Winning the War, Not the Battle

A pyrrhic victory: a victory won at too great a cost. What good is a single success if it is the only thing supporting you? If it is won at the expense of your happiness or stability? When it comes to facing the many challenges that college will inevitably throw in your face, you need to pick your battles.

This is especially true in the academic department. With all of your newfound freedom can come a lot of new self-imposed expectations. After all, when there is nobody else breathing down your neck, doesn’t it make sense that you’d do it yourself?

Wrong.

There’s nothing wrong with a healthy dose of self motivation, but the worst thing for your stress levels is constant, unadulterated, internalized pressure. And if you’re too stressed about your grades, you’ll find it hard to get anything done. Keeping everything in perspective is difficult, but here’s how I try to do it every day:

Ask yourself: Why?
Do you want to do well in school? Why? Never stop asking yourself these questions. Do you want to learn? Do you want to get a specific job? Into graduate school, maybe? Do you just want a high GPA? Create your academic plan based on your goals, instead of overwhelming yourself with too many expectations. As one of my fellow interns, Sofia, said during our first weekly summer podcast, “you can do anything, but not everything.” Do not expect to accomplish everything, and the goals that you do choose will become much more feasible. If you put your schoolwork in the context of some greater goal, it will have more purpose and you will have less meaningless stress.

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Plan your fun
I can’t stress this one enough. Plan your fun, and plan it in advance. As I wrote in my blog post “Have Good Study Habits, Naturally,” planning fun or social events for yourself can be a great tactic to get in the habit of scheduling and having a good sense of time. However, it can also be a great way to make sure you don’t get too bogged down with excess stress at any given time. Relaxing is important, and it can be hard to remember that. If you plan out your relaxation time, you won’t accidentally brush it to the wayside when the going gets tough.

Find a mantra
As the Campus Clipper intern family discussed in that first podcast, and as has stuck in my mind ever since, a mantra can go a long way towards keeping yourself in check. My mantra has always been something to the effect of “fight the war, not the battle.” To me, this means always keeping the big picture in sight. One little slip-up doesn’t mean the end, and if you choose to think it does, then you’ve already taken a toll on your happiness far greater than that of the slip-up. When I apply this mantra to my schoolwork, it’s both a strategy for success and for keeping myself calm.  I focus on the larger picture in order to distribute time between assignments, but I also focus on the larger picture to keep those priorities in perspective and avoid sweating the little stuff.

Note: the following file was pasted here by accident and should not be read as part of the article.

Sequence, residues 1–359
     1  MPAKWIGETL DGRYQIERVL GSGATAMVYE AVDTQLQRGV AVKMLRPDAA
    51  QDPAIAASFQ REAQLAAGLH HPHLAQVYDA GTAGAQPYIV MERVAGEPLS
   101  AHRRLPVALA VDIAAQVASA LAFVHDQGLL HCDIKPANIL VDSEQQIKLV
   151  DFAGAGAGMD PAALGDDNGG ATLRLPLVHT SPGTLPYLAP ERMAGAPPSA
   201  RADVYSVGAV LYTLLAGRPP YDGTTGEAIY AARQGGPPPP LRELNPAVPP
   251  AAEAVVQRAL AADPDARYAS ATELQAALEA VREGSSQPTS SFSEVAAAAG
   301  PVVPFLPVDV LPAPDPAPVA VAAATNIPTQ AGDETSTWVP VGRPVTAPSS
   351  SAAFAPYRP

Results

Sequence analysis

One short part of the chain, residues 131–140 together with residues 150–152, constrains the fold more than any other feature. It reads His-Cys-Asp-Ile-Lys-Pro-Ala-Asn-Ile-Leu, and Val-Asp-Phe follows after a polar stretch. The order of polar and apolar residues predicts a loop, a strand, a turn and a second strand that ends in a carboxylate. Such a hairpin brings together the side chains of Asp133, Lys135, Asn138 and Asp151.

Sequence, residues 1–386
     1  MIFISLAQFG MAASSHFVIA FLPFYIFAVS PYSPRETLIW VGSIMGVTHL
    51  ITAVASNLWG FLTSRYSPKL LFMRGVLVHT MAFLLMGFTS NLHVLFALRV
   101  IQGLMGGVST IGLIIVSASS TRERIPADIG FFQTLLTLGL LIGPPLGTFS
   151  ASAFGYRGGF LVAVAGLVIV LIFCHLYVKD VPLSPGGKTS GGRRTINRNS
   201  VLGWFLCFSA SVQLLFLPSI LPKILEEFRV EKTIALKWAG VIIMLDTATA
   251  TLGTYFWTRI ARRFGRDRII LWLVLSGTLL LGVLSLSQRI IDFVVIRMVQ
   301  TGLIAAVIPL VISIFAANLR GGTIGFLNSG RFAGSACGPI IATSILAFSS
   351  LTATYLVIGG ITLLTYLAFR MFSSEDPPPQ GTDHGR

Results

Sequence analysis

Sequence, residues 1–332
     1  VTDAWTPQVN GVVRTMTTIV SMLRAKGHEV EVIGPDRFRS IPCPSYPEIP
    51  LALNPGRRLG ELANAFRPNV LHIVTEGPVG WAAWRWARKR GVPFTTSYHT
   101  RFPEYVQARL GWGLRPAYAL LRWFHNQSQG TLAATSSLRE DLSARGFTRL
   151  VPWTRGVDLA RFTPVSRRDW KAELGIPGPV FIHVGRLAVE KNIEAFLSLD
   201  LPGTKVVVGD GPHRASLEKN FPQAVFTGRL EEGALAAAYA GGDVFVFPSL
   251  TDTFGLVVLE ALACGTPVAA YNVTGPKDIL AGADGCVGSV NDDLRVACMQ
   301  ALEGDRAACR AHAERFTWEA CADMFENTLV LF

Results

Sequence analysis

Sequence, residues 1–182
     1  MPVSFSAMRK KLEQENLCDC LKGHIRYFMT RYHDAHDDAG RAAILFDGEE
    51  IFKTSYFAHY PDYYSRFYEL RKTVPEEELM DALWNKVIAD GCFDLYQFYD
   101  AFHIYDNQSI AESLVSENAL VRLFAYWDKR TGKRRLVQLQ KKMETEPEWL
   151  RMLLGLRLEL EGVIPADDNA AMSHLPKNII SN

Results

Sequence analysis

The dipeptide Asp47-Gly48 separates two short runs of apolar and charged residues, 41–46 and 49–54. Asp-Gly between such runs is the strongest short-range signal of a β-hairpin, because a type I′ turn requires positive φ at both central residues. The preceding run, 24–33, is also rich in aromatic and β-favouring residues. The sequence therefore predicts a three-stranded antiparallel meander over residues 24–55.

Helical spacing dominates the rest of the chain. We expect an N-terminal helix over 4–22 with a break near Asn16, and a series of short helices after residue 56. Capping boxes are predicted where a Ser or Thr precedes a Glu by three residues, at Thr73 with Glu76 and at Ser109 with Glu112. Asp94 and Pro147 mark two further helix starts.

By Madeleine Fleming

Madeleine Fleming is a Campus Clipper publishing intern and a rising sophomore at NYU.  A lover of reading, writing, and learning in every way possible, Madeleine is excited to be writing about college study habits for the Campus Clipper. For over 20 years, the Campus Clipper has been offering awesome student discounts in NYC,  from the East Side to Greenwich Village. Along with inspiration, the company offers students a special coupon booklet and the Official Student Guide, which encourage them to discover new places in the city and save money on food, clothing and services. 

At the Campus Clipper, not only do we help our interns learn new skills, make money, and create wonderful e-books, we give them a platform to teach others. Check our website for more student savings and watch our YouTube video showing off some of New York City’s finest students during the Welcome Week of 2015.

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